#2: The Information Bucket

The next bucket is the Information Bucket. The purpose of this bucket is to be your library of everything you want to remember. Things like: articles, user manuals, movie lists, meeting notes, wish lists, inventory, model numbers, etc.

This can seem overwhelming, but simply put, it’s a repository for anything you may need to refer back to in the future. One of the best ways to get started with an Information Bucket is to pick one or two things you want to start with and get used to the process. Wish lists are a good option. Create a document, file, or note for every person in your family and begin keeping a running list of the things they like, sizes they wear, and ideas for gifts you’d like to give them in the future.

The best tool I’ve found for this process is Evernote*. If you are comfortable with keeping information in the cloud, you’ll be hard pressed to find a better application. It’s available on virtually any device you could want to carry. It syncs seamlessly. And the search feature is amazing. We’ll talk more about Evernote in the future, but whether you choose it as your digital library or not, decide now on where you would like to store your Information Bucket and start using it today!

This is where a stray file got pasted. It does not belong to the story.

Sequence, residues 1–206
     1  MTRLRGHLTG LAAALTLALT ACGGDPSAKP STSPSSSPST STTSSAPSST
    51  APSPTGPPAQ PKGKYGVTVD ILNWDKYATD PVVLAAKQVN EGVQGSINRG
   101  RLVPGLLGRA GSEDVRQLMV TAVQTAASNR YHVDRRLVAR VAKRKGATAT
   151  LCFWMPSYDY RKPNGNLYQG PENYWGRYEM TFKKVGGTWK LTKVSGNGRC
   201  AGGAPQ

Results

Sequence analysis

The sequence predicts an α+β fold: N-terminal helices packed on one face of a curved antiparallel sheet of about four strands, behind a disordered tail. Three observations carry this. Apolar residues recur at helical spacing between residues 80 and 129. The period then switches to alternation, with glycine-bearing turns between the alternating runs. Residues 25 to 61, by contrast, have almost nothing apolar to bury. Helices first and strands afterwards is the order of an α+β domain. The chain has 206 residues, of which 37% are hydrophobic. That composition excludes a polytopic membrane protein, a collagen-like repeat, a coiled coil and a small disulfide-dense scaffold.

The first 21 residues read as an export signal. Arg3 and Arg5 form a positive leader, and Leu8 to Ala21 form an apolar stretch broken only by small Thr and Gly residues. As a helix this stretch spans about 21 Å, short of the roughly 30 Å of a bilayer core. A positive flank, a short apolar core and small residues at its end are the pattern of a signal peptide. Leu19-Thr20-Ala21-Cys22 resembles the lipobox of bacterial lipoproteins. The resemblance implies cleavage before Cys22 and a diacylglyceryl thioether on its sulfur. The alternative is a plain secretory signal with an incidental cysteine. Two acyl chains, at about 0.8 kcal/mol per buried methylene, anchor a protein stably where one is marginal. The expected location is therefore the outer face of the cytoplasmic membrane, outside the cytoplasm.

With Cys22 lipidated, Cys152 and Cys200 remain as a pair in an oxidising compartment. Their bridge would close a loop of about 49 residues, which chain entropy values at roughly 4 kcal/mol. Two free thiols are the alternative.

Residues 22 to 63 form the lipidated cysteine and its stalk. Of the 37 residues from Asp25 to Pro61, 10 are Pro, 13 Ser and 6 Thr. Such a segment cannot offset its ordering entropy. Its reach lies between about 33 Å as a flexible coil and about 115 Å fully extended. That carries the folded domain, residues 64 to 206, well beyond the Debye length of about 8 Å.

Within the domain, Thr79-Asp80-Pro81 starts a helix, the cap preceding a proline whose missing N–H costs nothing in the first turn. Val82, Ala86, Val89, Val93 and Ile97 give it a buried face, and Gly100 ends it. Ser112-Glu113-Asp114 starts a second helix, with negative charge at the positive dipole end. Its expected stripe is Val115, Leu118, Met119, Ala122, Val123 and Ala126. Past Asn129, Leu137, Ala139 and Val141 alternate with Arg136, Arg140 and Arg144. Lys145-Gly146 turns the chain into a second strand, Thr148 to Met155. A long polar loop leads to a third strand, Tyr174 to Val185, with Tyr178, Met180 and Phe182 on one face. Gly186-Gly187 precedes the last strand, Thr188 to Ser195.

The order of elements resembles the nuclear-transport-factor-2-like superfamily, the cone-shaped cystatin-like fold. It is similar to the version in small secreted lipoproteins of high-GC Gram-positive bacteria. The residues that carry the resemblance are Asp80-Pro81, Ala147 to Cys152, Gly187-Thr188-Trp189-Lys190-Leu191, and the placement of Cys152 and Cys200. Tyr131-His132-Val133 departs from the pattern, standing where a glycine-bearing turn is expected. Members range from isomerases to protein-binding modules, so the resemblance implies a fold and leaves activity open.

#3: The Task/Project Bucket

Finally, this is probably the bucket that will get the most use from day to day. It’s the Task/Project Bucket. This is the place where many people start when they decide they want to be more productive: a task management system (better known as the to-do list).

Every day we encounter new things that need to be done or old tasks which haven’t been completed yet. The way we process and deal with each of our tasks determines exactly how productive we are and how overwhelmed we feel. Hopefully, you already have some sort of system for dealing with these to-dos on a daily basis, but if you don’t this is the time to nail down your approach.

The Task/Project Bucket is probably the most important bucket because it keeps important tasks from falling through the cracks while also freeing our mind up to focus on our task at hand. When we have all the things we need to do for a particular day competing for space in our brain, it is likely something will be forgotten.